Hawks draft legislation to become more independent

Tuesday, August 16, 2011
Francis Hweshe

Cape Town - The Directorate for Priority Crime Investigation (Hawks) and the Civilian Secretariat for Police are developing a new policy document and draft legislation, which is geared to make the Hawks more independent.

This comes after the Hugh Glenister Constitutional Court judgment in March, which found, among others, that the Hawks were "insufficiently insulated from political influence in [their] structure and functioning."

The documents are set to be tabled before Cabinet in October and in Parliament by November. They are also set to form the grounds for consultation with other affected government stakeholders.

The March judgment also said that those working for the Hawks had inadequate employment security to "carry out their duties vigorously" and that their appointment was "not sufficiently shielded from political influence."

Hawks head Lieutenant General Anwa Dramat said the SA Police Act and the National Prosecuting Act -- both amended three years ago -- had effected the closure of the Scorpions in the National Prosecuting Authority (NPA) and the establishment of the Hawks within the police.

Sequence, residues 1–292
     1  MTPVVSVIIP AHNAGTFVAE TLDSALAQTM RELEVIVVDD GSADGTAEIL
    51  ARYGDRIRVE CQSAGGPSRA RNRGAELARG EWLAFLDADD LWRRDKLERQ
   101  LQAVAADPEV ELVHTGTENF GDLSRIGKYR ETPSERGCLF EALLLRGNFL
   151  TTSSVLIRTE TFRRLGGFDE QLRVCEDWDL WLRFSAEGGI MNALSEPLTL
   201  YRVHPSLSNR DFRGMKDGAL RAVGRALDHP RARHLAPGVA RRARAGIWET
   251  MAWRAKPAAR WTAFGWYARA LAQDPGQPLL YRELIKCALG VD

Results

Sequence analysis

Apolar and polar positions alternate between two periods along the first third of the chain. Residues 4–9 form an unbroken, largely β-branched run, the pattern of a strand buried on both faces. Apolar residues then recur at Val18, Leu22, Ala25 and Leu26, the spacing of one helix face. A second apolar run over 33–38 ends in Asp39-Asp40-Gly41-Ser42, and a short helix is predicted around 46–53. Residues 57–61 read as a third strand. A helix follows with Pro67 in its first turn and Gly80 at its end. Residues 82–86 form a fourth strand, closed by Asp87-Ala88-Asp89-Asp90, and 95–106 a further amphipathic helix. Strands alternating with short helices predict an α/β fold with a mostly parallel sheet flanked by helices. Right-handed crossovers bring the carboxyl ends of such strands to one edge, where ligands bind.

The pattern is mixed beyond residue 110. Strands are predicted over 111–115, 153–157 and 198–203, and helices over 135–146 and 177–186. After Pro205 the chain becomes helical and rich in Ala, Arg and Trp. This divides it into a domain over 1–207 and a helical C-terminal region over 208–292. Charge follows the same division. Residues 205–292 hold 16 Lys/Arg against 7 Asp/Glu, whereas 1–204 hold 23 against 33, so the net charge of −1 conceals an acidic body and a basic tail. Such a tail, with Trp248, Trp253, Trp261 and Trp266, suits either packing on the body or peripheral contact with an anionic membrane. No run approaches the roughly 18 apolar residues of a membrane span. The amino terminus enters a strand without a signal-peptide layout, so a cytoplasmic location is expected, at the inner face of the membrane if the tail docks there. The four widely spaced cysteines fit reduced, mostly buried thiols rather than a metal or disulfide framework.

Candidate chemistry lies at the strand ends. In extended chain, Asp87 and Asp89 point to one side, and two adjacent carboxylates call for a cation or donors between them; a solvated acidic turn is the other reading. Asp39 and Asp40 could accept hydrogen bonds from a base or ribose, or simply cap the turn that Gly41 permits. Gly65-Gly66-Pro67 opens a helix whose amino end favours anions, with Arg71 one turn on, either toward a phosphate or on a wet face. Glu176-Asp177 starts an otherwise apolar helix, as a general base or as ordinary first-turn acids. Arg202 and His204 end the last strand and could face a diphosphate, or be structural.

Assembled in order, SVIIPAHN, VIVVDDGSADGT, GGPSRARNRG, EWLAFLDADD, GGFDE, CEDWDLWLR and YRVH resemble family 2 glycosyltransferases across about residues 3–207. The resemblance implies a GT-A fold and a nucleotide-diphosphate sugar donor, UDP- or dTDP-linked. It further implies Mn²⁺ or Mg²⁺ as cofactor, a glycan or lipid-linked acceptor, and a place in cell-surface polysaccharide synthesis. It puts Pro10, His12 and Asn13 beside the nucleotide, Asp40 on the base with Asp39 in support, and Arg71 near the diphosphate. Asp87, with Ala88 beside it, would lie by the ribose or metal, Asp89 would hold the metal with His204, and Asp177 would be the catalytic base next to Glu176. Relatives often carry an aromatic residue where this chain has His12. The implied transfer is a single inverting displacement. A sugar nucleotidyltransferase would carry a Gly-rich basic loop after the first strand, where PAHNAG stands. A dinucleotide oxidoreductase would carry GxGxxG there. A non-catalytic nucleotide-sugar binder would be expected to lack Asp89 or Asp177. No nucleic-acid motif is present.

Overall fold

Dramat was addressing Parliament's Portfolio Committee on Police on Tuesday during a joint presentation by the Hawks and the police.

"In the Glenister case, the constitutionality of the said laws has been questioned," he told the committee.

But he indicated that "the creation of a separate corruption-fighting unit within the SAPS was not in itself unconstitutional... and the legislative choice to abolish the DSO and to create the DPCI did not in itself offend the Constitution."

Dramat said that the Court considered two "crucial questions", one being the State's obligation to "establish and maintain an independent body to combat corruption and organised crime."

The other question was that the Hawks did not meet the "requirements of independence."

Dramat said the Court had ruled that the legislative provisions establishing the DPCI are constitutionally invalid and suspended the declaration of invalidity in order to give Parliament the opportunity to remedy the constitutional defect within 18 months.

The Committee welcomed the presentation, as it only wanted clarity on the ruling and the way forward.

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